Belfast Telegraph

Dr Who starlet Jenna-Louise Coleman's shyness is a puzzle that would leave even Dr Who baffled

Robert McNeill

The Doctor Who actress Jenna-Louise Coleman has "never been on a date" with anyone. Like many things public figures say, this is simultaneously true and untrue. It doesn't mean, as it implies, that the 27-year-old has never gone out with anyone.

She's going out with someone now. But she's never been on a date, as such, as she's too shy for such one-to-one engagements.

I see you spitting out your coffee and explaining: "But she must have met her current beau alone at some point, otherwise how would things ever get started?"

That's a good point well made, despite the coffee stains down my shirt front. And I'm grateful to you, in this shouty age, for keeping the number of question marks down to one.

But the point is a doozy and relates to this irritating habit actors have of appearing on stage to tell you how shy they are. Can't have it both ways. Either you is or you ain't shy.

All right, I suppose there's shyness and shyness. My shyness is the opposite of Ms Coleman's. I love one-to-one meetings with folk. Much of the time I never get a word in edgeways. One of life's listeners, alas.

But I don't get uncomfortable with one. Two, even three, I can manage. Bump it up to four, and I'm out of there.

I don't know exactly what it is, but it's something to do with that moment when all the faces turn towards you. I fear they want to eat me.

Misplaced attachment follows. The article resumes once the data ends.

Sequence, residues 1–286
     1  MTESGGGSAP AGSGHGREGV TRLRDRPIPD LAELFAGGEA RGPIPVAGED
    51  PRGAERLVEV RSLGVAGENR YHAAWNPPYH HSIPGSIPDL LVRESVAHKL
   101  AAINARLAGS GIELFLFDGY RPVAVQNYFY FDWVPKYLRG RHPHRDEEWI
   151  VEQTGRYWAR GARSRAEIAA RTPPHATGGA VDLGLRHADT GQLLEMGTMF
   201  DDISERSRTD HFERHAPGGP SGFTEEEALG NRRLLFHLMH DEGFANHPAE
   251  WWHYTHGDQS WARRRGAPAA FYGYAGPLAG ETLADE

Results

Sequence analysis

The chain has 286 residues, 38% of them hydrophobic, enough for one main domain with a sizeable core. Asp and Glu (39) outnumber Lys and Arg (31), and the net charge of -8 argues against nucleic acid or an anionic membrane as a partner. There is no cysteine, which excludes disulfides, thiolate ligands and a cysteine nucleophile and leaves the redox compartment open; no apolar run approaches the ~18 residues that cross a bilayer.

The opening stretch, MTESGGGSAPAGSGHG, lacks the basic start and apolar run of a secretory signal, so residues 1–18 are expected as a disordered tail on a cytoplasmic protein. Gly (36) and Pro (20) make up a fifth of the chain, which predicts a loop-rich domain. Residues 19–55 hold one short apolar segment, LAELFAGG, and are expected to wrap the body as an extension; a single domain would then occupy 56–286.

Some kind of atavistic fear from deep in the tribal past? Maybe. More realistically, I think it stems from primary school, where my face would go bright red if asked a question in class and all the kids would point and shout: "Beamer!"

No surprise, I suppose, that I grew up to work on my own, communicating to the masses through writing, though I've had my share of hard-to-avoid situations, including a massive press conference where I just had to stand up and ask a question.

But I've never made a speech in my life and have a torrid time turning down invitations, especially for funerals. The Rotary Club, Burns Suppers, political meetings, football fan gatherings, awards (even when the unwilling recipient): all vetoed.

You have to man up to turn things down, but it's the key to a contented life, particularly for the shy. It's your life. And if you're not comfortable in the extrovert world, don't let them get to you.

Head for the hills. Listen to the wind. Talk to the trees. Never mind if someone calls the police. They can't touch you for it. Can't jail you for shyness. Not yet anyway.

I deeply resent house-party invitations as an infringement of my freedom and never hesitate in telling the putative hosts to go jump in a lake. The compulsory sub-text to these commands is something I find deplorable.

I think it must be 10 years since I attended such a blathering gathering and, even then, I exited early via a first-floor bathroom window. I'll never forget the feeling of freedom as I jogged down the street inhaling the night air and worshipping the stars.

So, Jenna-Louise, I feel your pain. But I don't get how you can fear one but love a crowd.

Belfast Telegraph


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